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Chinese New Year celebrations delight other side of the Pacific

Xinhua | Updated: 2019-02-09 10:25
The top of the landmark Empire State Building in Manhattan shined in red, blue and yellow on the nights of Monday and Tuesday to celebrate the Chinese Lunar New Year. [Photo/Xinhua]

While Chinese New Year celebrations are in full swing in China, cultural activities held across North America to mark the most important festival of China are no less enthralling, spreading the joy to the other side of the Pacific.

Dragon and lion dances, Chinese cuisines, Peking opera performances, light shows... a flurry of events in the United States and Canada have deepened people's understanding of the meaning and charm of the festival. And sometimes, they may even find themselves a bit richer when they are bestowed with red packets of "lucky money," part of the festival tradition.

A FEAST FOR EYES AND PALATES

Chinese Lunar New Year, or Spring Festival, fell on Feb 5 this year. In China, celebrations begin about a week in advance and end with the Lantern Festival on the 15th day of the new year. It is an occasion for family members to reunite, bid farewell to the past year and celebrate the advent of a new spring, with its promise of renewal and hope.

The value placed in family and the universal wish for a new start partly explain why the traditional Chinese festival can so easily transcend borders and be embraced elsewhere. For kids who are not worldly enough to grasp the significance behind it, colorful events such as dragon dances and delicious Chinese food prove to be reason enough to enjoy the festival.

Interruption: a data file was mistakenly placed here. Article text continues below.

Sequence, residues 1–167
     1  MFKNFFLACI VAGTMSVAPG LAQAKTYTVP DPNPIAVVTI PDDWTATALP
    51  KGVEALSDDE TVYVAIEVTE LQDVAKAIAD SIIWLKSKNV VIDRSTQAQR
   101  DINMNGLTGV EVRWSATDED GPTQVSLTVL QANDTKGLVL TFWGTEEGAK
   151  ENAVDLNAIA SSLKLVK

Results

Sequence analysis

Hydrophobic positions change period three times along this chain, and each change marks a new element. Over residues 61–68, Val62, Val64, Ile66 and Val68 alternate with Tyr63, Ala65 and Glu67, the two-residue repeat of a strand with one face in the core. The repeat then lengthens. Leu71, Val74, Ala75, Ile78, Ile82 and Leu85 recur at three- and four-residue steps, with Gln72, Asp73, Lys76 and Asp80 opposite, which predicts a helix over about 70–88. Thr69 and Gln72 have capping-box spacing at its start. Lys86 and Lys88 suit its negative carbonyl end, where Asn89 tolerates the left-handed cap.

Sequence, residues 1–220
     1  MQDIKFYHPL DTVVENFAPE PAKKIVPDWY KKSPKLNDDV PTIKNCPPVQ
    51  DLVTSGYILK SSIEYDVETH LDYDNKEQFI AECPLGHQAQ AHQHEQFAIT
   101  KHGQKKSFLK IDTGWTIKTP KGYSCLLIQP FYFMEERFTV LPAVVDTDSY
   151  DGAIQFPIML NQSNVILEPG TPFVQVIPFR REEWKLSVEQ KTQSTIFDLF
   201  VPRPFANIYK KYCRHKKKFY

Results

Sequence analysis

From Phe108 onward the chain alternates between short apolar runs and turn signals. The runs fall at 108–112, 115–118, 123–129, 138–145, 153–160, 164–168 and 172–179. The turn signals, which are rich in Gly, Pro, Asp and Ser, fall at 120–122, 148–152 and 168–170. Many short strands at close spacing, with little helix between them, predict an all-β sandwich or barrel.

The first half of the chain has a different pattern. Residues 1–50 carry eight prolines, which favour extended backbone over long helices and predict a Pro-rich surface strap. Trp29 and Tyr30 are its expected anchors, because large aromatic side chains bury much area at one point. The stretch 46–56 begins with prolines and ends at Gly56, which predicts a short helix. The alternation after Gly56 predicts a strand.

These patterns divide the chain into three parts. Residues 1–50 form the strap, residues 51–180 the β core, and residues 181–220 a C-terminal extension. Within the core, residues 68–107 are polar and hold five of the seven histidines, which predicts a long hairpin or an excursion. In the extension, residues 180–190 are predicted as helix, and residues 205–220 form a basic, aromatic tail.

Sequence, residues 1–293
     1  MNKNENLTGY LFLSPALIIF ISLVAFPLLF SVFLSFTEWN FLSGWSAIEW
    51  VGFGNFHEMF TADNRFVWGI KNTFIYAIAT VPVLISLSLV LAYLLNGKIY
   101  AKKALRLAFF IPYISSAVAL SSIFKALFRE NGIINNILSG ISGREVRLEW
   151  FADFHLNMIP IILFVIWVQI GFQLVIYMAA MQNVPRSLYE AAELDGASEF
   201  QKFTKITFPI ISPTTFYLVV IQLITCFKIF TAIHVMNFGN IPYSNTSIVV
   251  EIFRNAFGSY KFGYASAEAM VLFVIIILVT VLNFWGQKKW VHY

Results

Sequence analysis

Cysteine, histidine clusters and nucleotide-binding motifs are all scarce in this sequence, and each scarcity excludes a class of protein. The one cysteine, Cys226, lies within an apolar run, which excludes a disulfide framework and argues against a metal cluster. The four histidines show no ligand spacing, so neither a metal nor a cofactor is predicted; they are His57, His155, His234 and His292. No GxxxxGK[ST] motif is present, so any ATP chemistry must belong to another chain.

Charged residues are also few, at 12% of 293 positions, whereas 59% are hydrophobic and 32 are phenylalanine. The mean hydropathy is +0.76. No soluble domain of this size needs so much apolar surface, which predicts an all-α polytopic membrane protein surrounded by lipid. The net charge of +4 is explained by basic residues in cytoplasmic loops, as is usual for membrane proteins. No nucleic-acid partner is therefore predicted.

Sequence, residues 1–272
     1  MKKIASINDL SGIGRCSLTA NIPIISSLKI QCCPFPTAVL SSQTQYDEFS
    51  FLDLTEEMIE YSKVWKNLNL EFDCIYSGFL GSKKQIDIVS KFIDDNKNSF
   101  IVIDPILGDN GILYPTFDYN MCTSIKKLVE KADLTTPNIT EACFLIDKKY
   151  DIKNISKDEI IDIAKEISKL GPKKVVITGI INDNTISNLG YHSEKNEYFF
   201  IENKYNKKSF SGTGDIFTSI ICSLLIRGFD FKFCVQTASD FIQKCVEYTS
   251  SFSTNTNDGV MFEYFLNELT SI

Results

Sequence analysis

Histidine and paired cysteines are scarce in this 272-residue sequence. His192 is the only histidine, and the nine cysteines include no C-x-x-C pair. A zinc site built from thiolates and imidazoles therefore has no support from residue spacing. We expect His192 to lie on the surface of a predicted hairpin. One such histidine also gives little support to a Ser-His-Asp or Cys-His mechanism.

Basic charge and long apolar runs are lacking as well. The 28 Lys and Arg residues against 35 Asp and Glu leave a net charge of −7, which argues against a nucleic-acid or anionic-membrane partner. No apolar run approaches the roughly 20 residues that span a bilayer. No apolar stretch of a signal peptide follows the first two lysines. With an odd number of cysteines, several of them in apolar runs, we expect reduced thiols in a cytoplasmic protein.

In New York, the landmark Empire State Building was glowing red, blue and yellow on Monday and Tuesday for the Chinese New Year. It is for the 19th consecutive year that the 443-meter skyscraper above midtown Manhattan shone in honor of the Chinese New Year.

The light show event will allow "native New Yorkers to experience a bit of beauty of the Chinese traditional cultural festival," said Chinese Consul General in New York Huang Ping.

In Times Square, an array of calligraphers from both China and the United States on Tuesday gave away their handwritings of "Fu," a Chinese character meaning fortune and luck, and red scarfs printed with the same character to hundreds of visitors at the "Crossroad of the World." Receivers of the gifts, upon learning the meaning of Fu character, were filled with joy and expressed their best wishes to the Chinese people around the world.

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